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Fun activities for a house bound dad?
February 26, 2014 7:41 AM   Subscribe

My poor dad is recovering from an accident, and is stuck in the house during this crazy winter. What are some fun activities to keep him busy while we wait for the snow to melt?

So long story short, my dad is currently recovering from a bad accident. Physically he is doing good and can walk without any aid, but his balance and strength are still not back to normal. Mentally he is doing pretty well but still needs to work on his ability to concentrate and focus on things. I'd say he's at about 80%. The doctors say in time he will make a full recovery, thank god.

So the poor guy is stuck at home right now and bored out of his mind. In the early days, we were with him every second, but now he's pretty self sufficient so it's ok to leave him for a few hours while my mom and sister are at work. He's not in danger and can fend for himself, prepare lunch, etc. He's just bored and frustrated and honestly, pretty depressed that he can't get back to his normal active lifestyle.

Here is how he's filling his days right now - watching TV, working on a jigsaw puzzle, playing on his iPad, writing in his journal, reading books (but he only has the patience to read a couple pages at a time), doing little chores like vacuuming and washing dishes. That's about it. Normally my dad is very physically active and is always outside chopping wood or renovating the house or working in the garden or driving around on errands, etc. Being stuck inside doing nothing all day is KILLING him. There's like four feet of snow outside right now so he absolutely cannot go outside without one of us with him at all times.

So my question is, what's some stuff he can do in the house to keep himself from going stir crazy? I hate the idea of him just playing solitaire all day. If you were stuck at home for a few months, how would you keep busy?
posted by silverstatue to Sports, Hobbies, & Recreation (15 answers total) 2 users marked this as a favorite
 
Does he cook at all? Some semi-gourmet cooking (stuff with a lot of prep work, for example) might be entertaining and a treat that he wouldn't bother with, usually.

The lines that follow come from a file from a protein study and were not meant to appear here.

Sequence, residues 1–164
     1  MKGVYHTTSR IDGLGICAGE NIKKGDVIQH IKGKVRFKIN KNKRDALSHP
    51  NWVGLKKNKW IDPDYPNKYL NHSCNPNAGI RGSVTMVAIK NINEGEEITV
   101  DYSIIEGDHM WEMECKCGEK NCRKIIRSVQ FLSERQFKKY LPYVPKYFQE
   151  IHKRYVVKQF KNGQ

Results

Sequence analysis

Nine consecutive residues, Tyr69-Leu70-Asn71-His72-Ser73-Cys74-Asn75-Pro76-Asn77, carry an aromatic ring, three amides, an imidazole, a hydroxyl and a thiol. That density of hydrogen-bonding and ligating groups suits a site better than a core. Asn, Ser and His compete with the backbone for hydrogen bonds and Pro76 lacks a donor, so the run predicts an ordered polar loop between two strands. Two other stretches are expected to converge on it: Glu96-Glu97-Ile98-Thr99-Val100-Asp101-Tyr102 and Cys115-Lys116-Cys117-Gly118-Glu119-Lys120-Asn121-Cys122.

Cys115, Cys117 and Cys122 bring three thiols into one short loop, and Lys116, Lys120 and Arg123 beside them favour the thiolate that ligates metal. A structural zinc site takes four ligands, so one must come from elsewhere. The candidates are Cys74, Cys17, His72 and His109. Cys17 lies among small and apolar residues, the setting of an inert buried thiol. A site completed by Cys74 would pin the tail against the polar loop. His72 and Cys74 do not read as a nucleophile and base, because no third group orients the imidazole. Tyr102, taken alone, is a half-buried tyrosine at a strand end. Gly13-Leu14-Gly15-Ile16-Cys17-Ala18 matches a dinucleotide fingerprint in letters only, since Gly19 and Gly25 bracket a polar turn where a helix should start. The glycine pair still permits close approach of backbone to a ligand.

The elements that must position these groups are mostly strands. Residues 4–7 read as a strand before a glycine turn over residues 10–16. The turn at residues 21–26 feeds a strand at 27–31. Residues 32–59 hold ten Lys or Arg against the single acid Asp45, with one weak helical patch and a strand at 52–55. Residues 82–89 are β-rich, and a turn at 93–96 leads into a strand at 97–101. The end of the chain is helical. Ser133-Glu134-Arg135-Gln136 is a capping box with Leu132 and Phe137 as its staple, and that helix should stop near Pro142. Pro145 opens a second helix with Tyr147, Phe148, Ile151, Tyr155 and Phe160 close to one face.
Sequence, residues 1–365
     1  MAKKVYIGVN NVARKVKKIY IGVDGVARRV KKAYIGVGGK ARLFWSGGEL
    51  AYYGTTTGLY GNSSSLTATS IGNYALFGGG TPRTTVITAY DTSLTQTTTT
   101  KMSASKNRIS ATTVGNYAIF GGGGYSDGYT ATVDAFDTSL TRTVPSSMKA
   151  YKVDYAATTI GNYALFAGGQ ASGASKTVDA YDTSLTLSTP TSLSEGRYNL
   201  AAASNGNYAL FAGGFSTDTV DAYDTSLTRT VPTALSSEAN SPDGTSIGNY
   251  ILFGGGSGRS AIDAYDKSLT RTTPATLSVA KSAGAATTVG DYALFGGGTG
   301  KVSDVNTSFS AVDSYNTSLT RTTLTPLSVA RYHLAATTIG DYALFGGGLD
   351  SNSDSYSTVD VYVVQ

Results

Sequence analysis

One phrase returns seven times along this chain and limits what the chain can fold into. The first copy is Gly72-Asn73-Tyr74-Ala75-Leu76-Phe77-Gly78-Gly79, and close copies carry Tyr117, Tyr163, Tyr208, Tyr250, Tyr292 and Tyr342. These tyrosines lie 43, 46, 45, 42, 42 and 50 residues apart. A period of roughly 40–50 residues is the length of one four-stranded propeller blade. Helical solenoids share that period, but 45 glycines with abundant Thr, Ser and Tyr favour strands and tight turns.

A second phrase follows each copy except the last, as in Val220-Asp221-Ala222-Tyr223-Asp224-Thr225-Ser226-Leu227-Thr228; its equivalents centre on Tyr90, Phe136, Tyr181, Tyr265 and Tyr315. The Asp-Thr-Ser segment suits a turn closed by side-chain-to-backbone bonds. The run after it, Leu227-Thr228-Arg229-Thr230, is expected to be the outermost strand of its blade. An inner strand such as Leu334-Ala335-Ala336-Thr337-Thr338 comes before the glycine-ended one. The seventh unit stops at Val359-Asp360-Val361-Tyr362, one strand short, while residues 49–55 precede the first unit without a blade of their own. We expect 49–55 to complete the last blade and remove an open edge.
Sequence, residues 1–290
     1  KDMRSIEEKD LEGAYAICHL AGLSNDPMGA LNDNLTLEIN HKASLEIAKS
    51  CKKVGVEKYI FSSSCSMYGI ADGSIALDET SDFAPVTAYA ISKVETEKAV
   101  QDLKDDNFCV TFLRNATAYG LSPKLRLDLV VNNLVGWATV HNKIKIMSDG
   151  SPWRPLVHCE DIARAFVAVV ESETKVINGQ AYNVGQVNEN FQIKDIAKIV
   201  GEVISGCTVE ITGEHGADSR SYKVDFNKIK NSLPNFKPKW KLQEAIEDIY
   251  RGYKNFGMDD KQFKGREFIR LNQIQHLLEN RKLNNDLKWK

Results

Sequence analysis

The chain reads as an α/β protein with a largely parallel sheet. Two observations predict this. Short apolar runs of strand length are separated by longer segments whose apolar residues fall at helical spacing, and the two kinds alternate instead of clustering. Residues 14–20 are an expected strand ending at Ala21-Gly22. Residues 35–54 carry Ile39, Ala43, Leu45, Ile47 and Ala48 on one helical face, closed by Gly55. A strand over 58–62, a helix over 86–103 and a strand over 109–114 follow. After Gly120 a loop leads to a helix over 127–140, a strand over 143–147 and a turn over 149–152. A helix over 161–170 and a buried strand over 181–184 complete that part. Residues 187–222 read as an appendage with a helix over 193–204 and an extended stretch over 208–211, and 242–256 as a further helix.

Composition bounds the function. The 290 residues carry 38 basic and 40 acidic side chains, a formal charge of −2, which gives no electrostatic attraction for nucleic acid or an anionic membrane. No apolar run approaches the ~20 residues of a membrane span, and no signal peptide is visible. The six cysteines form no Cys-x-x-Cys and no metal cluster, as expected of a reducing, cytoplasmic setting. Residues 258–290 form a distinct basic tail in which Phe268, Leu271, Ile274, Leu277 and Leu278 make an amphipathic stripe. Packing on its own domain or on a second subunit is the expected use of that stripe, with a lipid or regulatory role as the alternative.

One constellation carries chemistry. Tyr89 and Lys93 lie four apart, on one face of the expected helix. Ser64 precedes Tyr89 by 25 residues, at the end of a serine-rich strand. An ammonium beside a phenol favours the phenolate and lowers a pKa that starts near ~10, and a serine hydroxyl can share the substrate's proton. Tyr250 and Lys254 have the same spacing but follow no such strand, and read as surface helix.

Other than that, maybe some models? It sounds like he enjoys building things - does he have any tremors that would prevent that?
posted by maryr at 7:59 AM on February 26


Can he do indoor gardening? With pots, windowboxes, etc.
posted by JanetLand at 8:00 AM on February 26


Are there forums* you could sign him up to, to discuss his interests? Are there online versions of games he could play where you can chat to the person you're pitted against eg chess, scrabble or draughts?


*maybe he's a mefite in the making?
posted by greenish at 8:00 AM on February 26 [1 favorite]


Pets?

Bicep curls?

Plants vs. Zombies?
posted by St. Peepsburg at 8:08 AM on February 26


Are crafts an option? If so, what sort of limitations does he have while he recuperates (e.g. how's his eyesight, dexterity)?
posted by The corpse in the library at 8:35 AM on February 26


I can go nuts if I'm stuck inside and/or unable to work out. I'd focus on that in addition to looking for more sedentary activities, because both winter and a sudden dropoff in physical activity can have very real effects on your mood, and keeping yourself occupied can help but not always solve the root problem. Here's what helps me:

- ANY physical activity at all. Whatever he can do without impeding his recovery, even if it's just waving his arms around for a couple minutes. Gentle stretching or restorative yoga, qi gong, slow sit-ups or squats if he's cleared for that, dancing around the house. Check with his doctor/physical therapist for things he can do.